This month, we’re exploring fact vs. fiction in our stories. This topic made me smile, as this is exactly what “happens” in WHEN A DRAGON MOVES IN. The boy is thrilled when a dragon takes up residence in his “perfect” sandcastle and wants to share the magnificent news with his family…but no one believes him! The story, thanks to brilliant illustrator Howard McWilliam actually allows the readers to decide for themselves. Is the dragon real? Or just a figment of the boy’s imagination?
I love to share this picture book during my author visits. When I ask these questions at the end, the decision is usually a 50:50 split within the audience, and each child is adamant about his/her decision, armed with passionate arguments to back it up.
Personally, hard as someone may try, I don’t think it’s possible to create anything without at least a teeny bit of our own selves running through it. After all, we see the world through our own eyes, processing it piece by piece based upon our own references.
The same can also be said of reading. We all bring our own emotional baggage and experiences to the stories we explore, which means that in a sense, we all read a completely different tale.
But here’s the question. Does an author know whether he/she is writing fact or fiction? And are the lines sometimes blurred?
This past week, I picked up a manuscript I hadn’t touched for about a year. This happens to me a lot. I get started, but then lose my way. Sometimes because I haven’t thought the whole thing through (yet). Sometimes because another project speaks to me in a louder or more insistent voice.
This project had a little of both. Although I couldn’t find the words to finish it earlier, it now seemed to call out for me like a child in need. Or perhaps it was my own inner child begging me to return…
You see, I grew up in a development of houses that bordered a golf course. In the winter (much to the irritation of the ground keepers), it made for some fantastic sledding trails. One afternoon, when there wasn’t anyone around to sled with, I decided to take myself on a nature walk through the wooded section. Near a clearing, under a tall tree, I found a baby bird. He’d obviously fallen from a nest, thankfully unscathed. I remember looking around to see if the mother was anywhere near. She wasn’t. In fact, I didn’t even hear another bird. It was just me, and this little guy.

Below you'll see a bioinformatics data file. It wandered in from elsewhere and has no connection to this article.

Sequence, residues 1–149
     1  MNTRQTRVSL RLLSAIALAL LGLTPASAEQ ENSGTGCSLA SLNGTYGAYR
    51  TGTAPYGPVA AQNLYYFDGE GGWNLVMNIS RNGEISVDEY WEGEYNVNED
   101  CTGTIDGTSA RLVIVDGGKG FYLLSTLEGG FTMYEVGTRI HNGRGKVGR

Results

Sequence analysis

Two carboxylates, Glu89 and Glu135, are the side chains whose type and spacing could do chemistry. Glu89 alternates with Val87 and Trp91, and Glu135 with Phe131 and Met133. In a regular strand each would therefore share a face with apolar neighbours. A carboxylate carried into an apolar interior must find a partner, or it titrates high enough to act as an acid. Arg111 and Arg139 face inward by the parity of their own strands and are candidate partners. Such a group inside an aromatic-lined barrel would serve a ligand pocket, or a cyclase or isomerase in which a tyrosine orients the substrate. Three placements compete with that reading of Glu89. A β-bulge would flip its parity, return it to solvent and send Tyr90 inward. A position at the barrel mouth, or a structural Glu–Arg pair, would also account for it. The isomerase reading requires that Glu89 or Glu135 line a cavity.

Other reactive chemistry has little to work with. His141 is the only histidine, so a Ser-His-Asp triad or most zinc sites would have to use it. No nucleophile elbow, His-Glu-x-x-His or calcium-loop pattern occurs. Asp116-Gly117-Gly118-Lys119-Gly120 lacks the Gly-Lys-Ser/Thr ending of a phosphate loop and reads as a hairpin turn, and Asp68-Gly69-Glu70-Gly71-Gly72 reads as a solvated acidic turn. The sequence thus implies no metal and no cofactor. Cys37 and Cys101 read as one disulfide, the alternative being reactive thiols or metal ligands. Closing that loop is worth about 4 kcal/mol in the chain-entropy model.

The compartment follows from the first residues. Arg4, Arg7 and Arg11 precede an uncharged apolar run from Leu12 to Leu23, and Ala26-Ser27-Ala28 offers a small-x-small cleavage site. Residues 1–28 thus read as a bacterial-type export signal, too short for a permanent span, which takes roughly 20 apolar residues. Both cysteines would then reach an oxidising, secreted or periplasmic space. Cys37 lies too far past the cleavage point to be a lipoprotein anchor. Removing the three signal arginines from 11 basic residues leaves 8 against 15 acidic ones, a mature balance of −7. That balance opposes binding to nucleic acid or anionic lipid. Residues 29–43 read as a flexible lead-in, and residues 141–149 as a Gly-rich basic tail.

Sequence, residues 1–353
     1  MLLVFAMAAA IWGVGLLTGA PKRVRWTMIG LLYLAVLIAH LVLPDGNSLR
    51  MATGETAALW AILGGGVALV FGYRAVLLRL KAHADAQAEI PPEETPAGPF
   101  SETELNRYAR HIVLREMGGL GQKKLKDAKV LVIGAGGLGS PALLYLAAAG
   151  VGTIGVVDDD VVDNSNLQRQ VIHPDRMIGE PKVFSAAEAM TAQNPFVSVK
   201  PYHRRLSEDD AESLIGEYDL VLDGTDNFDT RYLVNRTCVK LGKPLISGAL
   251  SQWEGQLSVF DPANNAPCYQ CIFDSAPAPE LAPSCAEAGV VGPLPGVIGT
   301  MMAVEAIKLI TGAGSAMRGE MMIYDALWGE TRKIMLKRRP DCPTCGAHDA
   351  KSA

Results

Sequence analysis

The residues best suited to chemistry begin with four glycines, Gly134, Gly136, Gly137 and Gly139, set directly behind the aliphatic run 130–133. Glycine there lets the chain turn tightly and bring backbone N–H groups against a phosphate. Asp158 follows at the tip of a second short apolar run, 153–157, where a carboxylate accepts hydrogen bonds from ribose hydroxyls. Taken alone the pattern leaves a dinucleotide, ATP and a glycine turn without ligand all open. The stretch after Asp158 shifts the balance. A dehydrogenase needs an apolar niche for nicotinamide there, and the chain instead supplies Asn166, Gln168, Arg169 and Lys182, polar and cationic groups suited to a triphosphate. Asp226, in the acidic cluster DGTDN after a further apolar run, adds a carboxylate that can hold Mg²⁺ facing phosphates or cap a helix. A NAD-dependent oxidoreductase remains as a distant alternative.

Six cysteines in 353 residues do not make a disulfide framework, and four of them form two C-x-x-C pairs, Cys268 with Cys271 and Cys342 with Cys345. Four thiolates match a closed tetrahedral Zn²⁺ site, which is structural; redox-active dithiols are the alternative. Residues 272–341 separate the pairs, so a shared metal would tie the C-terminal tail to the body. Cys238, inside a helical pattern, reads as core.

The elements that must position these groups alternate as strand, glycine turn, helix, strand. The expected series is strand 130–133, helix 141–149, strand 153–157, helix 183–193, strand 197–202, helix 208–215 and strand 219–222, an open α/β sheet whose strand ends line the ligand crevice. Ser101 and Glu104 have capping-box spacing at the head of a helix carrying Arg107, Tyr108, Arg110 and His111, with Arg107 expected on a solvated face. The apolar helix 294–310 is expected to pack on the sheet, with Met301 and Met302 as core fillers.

Alone. In this big, big world.
(Note: since I obviously didn't take pictures when I was six, the part of the little bird will be played by our dove, Bake, who has always wanted to be in theatre.)
In my six-year old mind, it was up to me to save this baby. To teach him how to fly back to the nest where he’d be safe. Of course, I’d been taught never to touch wild animals, for reasons of safety…theirs and my own.
But I looked around and found a feather. Speaking in a soft voice, I explained the plan to my new little friend. And then I prodded him. Ever so gently. With the feather. He hopped forward. I praised him, then prodded again. Once more, he hopped. I must have spent over an hour doing this. Each time, he’d hop farther. A little bit higher. Soon, his wings began to flutter, then to flap. We kept working together. Tirelessly. Prod. Flap. Prod. Flap. Prod. Flap.
Until he flew.
At first, he only traveled a few feet, and in the wrong direction, wobbling like Snoopy’s best friend, Woodstock. But we never lost hope, this bird and I. Over and over, he’d try, and I’d cheer. And finally, I watched as he fumbled his way up, up, up and landed in his nest.
I remember my heart filling. I remember spinning around as the snowflakes began to fall. And I remember hearing birds all around me, chirping, celebrating, rejoicing for my little buddy and me.
Did the last part really happen? I don’t know for sure. In my mind, it did. In my heart, it did. In my memories, it absolutely did.
I guess it will be up to my readers to decide whether it was indeed fact, or fiction.
May you all experience, and spread, a bit of kindness today and forever.